Born: December 31, just short of the new year. The baby born on January 1st belonged to a nurse who worked at the hospital. She had a C-Section.

Age three. I began taking ballet classes. I remember the smell of new ballet slippers, the feel of my hair pulled back tightly in a bun and the desire I felt to be one of the older girls wearing overalls and scrunchy socks and dancing to “Born in the USA”.

Age five. There’s a big couch in my kindergarten classroom. I like to sit there and read. My teacher lets me stay longer than the other kids because she says I’m accelerated. This makes me feel special.

Age six. My sister is born. I go from being an only child to sharing a room. I love every minute of it, except when she cries. That I can do without.

Age nine. I’ve wanted to play the violin since I saw Itzhak Perlman perform on Sesame Street. I’m given the opportunity to choose an instrument in fourth grade and I don’t hesitate forΒ a second. A home video of me playing “Twinkle, Twinkle Little Star” a week after picking up the instrument shows my family trying to hide pained faces.

Age 10. My parents divorce. I break out in hives.

Age 13. I try my first drink at someone’s Bat Miztvah. It’s a Zima and it’s disgusting. I give it back after one sip.

Age 15. High school. I join the crew team and get in the best shape of my life. I meet my first boyfriend and date him until graduation. I travel to Europe.

Age 16. Playing the violin pays off. I spend my summer traveling to Australia, New Zealand, Tahiti and the Cook Islands with my high school’s traveling orchestra. I hold a koala, play a digeridoo, see everything from extreme poverty to extreme wealth and refuse to eat kangaroo.

Age 18. I get into all the schools I applied to, but can’t afford my first choice. I cry for two straight days until I have a revelation somewhere over the middle of the country as we fly home from a trip to California. I decide to accept the scholarship from the college in Rhode Island.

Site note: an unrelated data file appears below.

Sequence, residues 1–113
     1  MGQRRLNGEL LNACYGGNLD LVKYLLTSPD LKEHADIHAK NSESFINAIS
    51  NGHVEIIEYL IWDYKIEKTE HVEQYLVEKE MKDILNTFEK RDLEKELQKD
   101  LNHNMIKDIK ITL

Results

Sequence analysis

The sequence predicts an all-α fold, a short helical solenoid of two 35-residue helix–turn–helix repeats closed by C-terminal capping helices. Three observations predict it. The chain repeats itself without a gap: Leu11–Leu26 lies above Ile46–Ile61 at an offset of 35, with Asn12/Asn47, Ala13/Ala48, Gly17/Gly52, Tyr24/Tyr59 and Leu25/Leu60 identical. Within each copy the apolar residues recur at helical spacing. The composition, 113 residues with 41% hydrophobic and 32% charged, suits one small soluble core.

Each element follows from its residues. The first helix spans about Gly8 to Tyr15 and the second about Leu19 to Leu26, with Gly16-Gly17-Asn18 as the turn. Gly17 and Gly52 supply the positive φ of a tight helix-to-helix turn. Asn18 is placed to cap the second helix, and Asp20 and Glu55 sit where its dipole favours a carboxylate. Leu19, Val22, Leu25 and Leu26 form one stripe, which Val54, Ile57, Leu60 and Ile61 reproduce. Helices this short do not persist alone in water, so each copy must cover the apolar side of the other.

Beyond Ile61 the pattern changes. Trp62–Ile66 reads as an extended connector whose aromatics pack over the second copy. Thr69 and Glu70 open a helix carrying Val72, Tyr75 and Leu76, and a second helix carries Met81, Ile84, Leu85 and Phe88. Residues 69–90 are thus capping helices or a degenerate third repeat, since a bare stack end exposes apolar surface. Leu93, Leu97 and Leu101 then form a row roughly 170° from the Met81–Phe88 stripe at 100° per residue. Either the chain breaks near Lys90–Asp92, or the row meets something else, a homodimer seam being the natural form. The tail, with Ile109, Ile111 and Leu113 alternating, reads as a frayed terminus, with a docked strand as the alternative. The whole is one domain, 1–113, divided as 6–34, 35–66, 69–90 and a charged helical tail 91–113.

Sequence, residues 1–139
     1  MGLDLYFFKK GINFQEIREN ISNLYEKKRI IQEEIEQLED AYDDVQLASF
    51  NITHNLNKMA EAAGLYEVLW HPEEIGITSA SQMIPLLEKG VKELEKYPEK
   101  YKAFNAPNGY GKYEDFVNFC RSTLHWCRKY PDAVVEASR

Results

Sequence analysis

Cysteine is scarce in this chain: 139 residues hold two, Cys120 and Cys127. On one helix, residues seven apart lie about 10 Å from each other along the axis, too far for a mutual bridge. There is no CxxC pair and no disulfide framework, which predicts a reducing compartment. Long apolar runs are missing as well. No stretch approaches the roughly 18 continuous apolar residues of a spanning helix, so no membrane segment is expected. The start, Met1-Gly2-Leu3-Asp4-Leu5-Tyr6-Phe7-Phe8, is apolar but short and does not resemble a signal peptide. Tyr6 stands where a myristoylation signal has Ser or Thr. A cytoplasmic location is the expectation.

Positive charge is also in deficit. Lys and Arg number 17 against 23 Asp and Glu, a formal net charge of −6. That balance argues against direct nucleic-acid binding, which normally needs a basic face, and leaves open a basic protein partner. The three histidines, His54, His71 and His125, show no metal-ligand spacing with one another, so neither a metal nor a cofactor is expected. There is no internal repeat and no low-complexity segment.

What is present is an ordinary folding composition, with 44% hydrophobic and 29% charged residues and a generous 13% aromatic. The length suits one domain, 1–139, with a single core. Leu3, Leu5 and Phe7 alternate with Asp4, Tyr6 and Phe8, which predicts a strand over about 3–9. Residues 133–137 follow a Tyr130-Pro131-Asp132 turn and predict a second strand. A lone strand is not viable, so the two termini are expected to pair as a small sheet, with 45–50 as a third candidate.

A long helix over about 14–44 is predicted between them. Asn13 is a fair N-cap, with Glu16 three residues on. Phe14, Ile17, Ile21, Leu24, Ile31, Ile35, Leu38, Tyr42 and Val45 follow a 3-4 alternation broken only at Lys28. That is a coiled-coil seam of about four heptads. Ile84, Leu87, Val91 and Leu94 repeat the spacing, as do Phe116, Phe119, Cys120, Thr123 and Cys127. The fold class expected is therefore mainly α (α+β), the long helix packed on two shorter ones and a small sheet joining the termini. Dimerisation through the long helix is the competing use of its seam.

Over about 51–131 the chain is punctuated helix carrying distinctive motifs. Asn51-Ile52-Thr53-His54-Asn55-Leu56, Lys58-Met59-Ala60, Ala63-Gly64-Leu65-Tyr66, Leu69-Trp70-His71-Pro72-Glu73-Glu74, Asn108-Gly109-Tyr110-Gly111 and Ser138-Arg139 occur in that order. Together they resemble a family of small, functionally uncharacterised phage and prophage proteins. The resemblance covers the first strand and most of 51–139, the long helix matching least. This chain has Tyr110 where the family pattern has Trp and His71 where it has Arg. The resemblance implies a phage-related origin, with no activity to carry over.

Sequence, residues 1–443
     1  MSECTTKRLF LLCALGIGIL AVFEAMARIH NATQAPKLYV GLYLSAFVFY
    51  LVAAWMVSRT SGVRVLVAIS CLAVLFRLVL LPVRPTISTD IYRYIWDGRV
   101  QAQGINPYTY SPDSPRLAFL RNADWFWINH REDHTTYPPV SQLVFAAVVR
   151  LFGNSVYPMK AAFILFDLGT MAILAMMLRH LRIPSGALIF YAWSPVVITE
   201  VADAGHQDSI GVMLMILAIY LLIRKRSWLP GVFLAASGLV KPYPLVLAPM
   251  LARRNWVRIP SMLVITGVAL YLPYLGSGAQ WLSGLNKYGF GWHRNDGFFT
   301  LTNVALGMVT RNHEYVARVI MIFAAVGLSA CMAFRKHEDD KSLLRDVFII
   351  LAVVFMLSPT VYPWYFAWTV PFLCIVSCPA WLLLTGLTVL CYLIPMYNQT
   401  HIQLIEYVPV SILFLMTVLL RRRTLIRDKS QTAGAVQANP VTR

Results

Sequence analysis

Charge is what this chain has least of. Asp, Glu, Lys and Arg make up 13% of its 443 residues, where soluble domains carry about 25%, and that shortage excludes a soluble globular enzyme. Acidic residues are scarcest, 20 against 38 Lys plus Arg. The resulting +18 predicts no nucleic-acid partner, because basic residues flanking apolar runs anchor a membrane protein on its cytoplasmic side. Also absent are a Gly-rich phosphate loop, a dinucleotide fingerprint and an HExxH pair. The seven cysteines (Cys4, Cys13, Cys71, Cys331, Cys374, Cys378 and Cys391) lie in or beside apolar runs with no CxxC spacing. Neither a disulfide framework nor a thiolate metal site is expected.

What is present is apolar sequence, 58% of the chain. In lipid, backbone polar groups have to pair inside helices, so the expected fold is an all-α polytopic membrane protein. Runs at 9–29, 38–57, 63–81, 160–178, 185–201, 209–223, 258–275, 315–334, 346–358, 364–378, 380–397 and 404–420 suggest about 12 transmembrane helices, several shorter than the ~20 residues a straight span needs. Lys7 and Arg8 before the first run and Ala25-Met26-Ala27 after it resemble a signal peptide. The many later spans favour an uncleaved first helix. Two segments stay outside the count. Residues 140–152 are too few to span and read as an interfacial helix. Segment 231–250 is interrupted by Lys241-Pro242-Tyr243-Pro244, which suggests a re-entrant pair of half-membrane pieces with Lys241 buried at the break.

I graduate, but I do not cry.

I leave for college on my sister’s birthday. This time we all cry.

I drink too much the second week of school and find comfort in a girl who lives on my hall. We become instant friends.

Age 19. I meet a boy in a sexy blue uniform. He kisses me by the ocean. I fall in love.

Age 20. I meet a crazy/wonderful girl that tries to talk me into joining a sorority. I laugh at her.

Then I join.

Age 21. We host a huge New Year’s Eve party at the beach house I live in with the instant friend, the crazy/wonderful girl and my roommate from freshman year.

Later in the year I become severely depressed for no reason. It takes almost two months to discover I needed to switch my birth control. Within days of the switch I was back to normal.

Age 22. I graduate college. Walking across the stage is a blur. But as I step off the stage and cross through the arch, the first thing I see is Michael, arms outstretched, beaming at me. He scoops me up in a hug and my heart skips a beat.

I scan the audience for my parents and see that they are beaming as well.

Age 23. After working in a daycare for almost a year, I begin to panic and think I will be stuck there forever. I have what can only be described as a quarter-life crisis. It is not fun. While checking my email one morning, I notice a Monster ad for a publicist position. The ad mentions a love of chocolate and a sense of humor. I am late for working because I’m filling out the application and writing a cover letter.

I get the job.

Age 24. Twenty-four proves to be the best year yet. I make amazing friends who are understanding when I leave for a new job. I become part of an amazing community of bloggers who are there for the good times and the bad.

I get engaged.

I am happy.

Monday is my 25th birthday. And I know that 2008 is going to top all the rest. From kicking off the new year in Vegas, to pledging my love to Michael in October.

I couldn’t want anything more.

(Except maybe some Louboutins.)

Happy New Year to all of you!

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